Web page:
Ayear ago, Tom Petty's "I Won't Back Down" was Gov. Pat McCrory's theme song. Today, as public school teachers blast him for their frozen pay and swollen classes, a chastened McCrory says he wants to give them a raise—if he can.
But the budget he signed last year, with tax cuts for corporations and the wealthy, blew a hole in state revenues, putting McCrory's ability to offer any pay hike in doubt.
The first thing McCrory needs, therefore, is a new theme song, maybe a little country. Like the Dierks Bentley tune, "What Was I Thinkin'"?
See, like young Bentley, who wasn't thinkin' about the consequences when he sneaked out with his girl past her shotgun-toting daddy, McCrory failed to think ahead. Looking for love from the Republican right-wing, McCrory didn't foresee that cutting tax rates for the wealthy, as the right insisted he should, couldn't possibly produce more revenues for the state.
Sure enough, when state budget analysts reported last week following the April 15 tax filings, they projected a $445 million revenue shortfall for the fiscal year ending June 30.
And the red ink won't end there, according to the report by the General Assembly's fiscal staff and McCrory's budget office. Add another $191 million to the shortfall for next year's budget, plus $140 million in unbudgeted Medicaid costs. The total shortfall is about 4 percent of the state's $20 billion-plus budget.
In Bentley's words: "I knew there'd be hell to pay, but that crossed my mind a little too late."
The volatile mix of revenue shortfalls and a starving public school system is the fundamental problem confronting the General Assembly in its upcoming "short session." Will the Republicans cough up a pay raise for teachers somehow?
At an education forum Saturday in Raleigh, Rep. Tom Murry, R-Wake, said Republican legislators "will reward teachers this year" with added compensation, though he didn't say how much. Other Republicans have forecast a 1-2 percent pay hike.
In February, McCrory announced a plan, supported by Republican leaders in the Senate and House, to boost starting pay for teachers from the current $30,800 (not including local supplements) to $33,000 next year and $35,000 the following year. Full cost would be $200 million a year. Under the plan, teachers would gain if they're brand new or if they've been working for one to five years at the same frozen rate of $30,800.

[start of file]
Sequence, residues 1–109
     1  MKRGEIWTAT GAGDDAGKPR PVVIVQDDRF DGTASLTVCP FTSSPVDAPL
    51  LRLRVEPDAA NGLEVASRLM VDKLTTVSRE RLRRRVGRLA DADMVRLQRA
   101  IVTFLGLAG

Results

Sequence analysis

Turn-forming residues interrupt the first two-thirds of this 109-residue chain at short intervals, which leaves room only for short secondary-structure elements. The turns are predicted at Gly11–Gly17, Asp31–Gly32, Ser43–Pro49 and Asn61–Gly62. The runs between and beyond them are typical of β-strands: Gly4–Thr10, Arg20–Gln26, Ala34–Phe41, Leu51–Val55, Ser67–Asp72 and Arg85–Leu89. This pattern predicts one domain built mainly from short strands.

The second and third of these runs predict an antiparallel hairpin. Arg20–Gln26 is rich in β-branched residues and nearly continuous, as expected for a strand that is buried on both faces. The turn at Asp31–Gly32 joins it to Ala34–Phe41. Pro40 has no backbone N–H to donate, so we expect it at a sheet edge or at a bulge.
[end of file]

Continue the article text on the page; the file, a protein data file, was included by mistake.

For the two-thirds of the state's 95,000 teachers with more than five years experience, however, the GOP plan offered nothing beyond McCrory's expressed hope that, if more revenues materialize, he'd like to help them too.
Education groups panned the plan and looked to a special legislative task force on teacher compensation for a better one. But in mid-April, the task force—a Republican production co-chaired by Sen. Jerry Tillman, R-Randolph and Rep. Rob Bryan, R-Mecklenburg—endorsed paying starting teachers more but otherwise punted. More study is needed on the key questions, it said, to the dismay of teacher-members who said their input was never sought.
McCrory is reportedly working on a new scheme, but what it will be—and whether Republican legislators will buy it—is unknown. Senate Minority Leader Dan Blue, D-Wake, says Democratic legislators will be "willing partners" if McCrory seeks their help raising teacher pay. So far, Blue said, the governor hasn't called.
While we wait, the forum Saturday, sponsored by Public Schools First NC, put the competing sides in the education debate into sharp relief.
On the conservative side, Murry and Rep. Paul Stam, R-Wake, suggested that the public schools don't need more money, they simply need to be more efficient. Murry recommended using satellites to help the best teachers reach more students. Stam said a billion dollars is wasted reducing class sizes "past the grades where that is shown to have any significant effect." Small classes are the enemy of teacher compensation, Stam said.
Almost in passing, Murry added that it's harder for teachers to show progress with good students than with high-needs kids who come to school behind—and can make up more ground quickly.
That comment irked Nora Carr, a Guilford schools administrator. "I quibble with that [statement]," she said coldly. "I quibble with it a lot."
Carr said public schools "take all kids, and we're the only game in town where all means all." Meeting that challenge, for kids at every level, is why the schools need more personnel and smaller classes, she and other school advocates argued. Helping high-needs kids who show up for kindergarten not knowing the alphabet or even how to hold a pencil is an especially tough job requiring personalized, often one-to-one, instruction.
Teachers need more time to confer with each other about how their students are doing. They need more time to observe and help each other teach better. Research proves that teachers get better with experience, Duke University professor Helen Ladd said. It makes no sense not to pay veteran teachers more—and pay them to help train the newcomers.
This concept of collaborative teaching—not one teacher per class but multiple teachers sharing classes and expertise—is an emerging goal of the education profession. Work as a team; get better results.
Will it cost more? Put it this way: With North Carolina now 48th in the nation in per-pupil spending for K-12 schools, it won't cost less. Not if we're trying to help every child. If not—bring on the satellites.
This article appeared in print with the headline "Blood from a stone."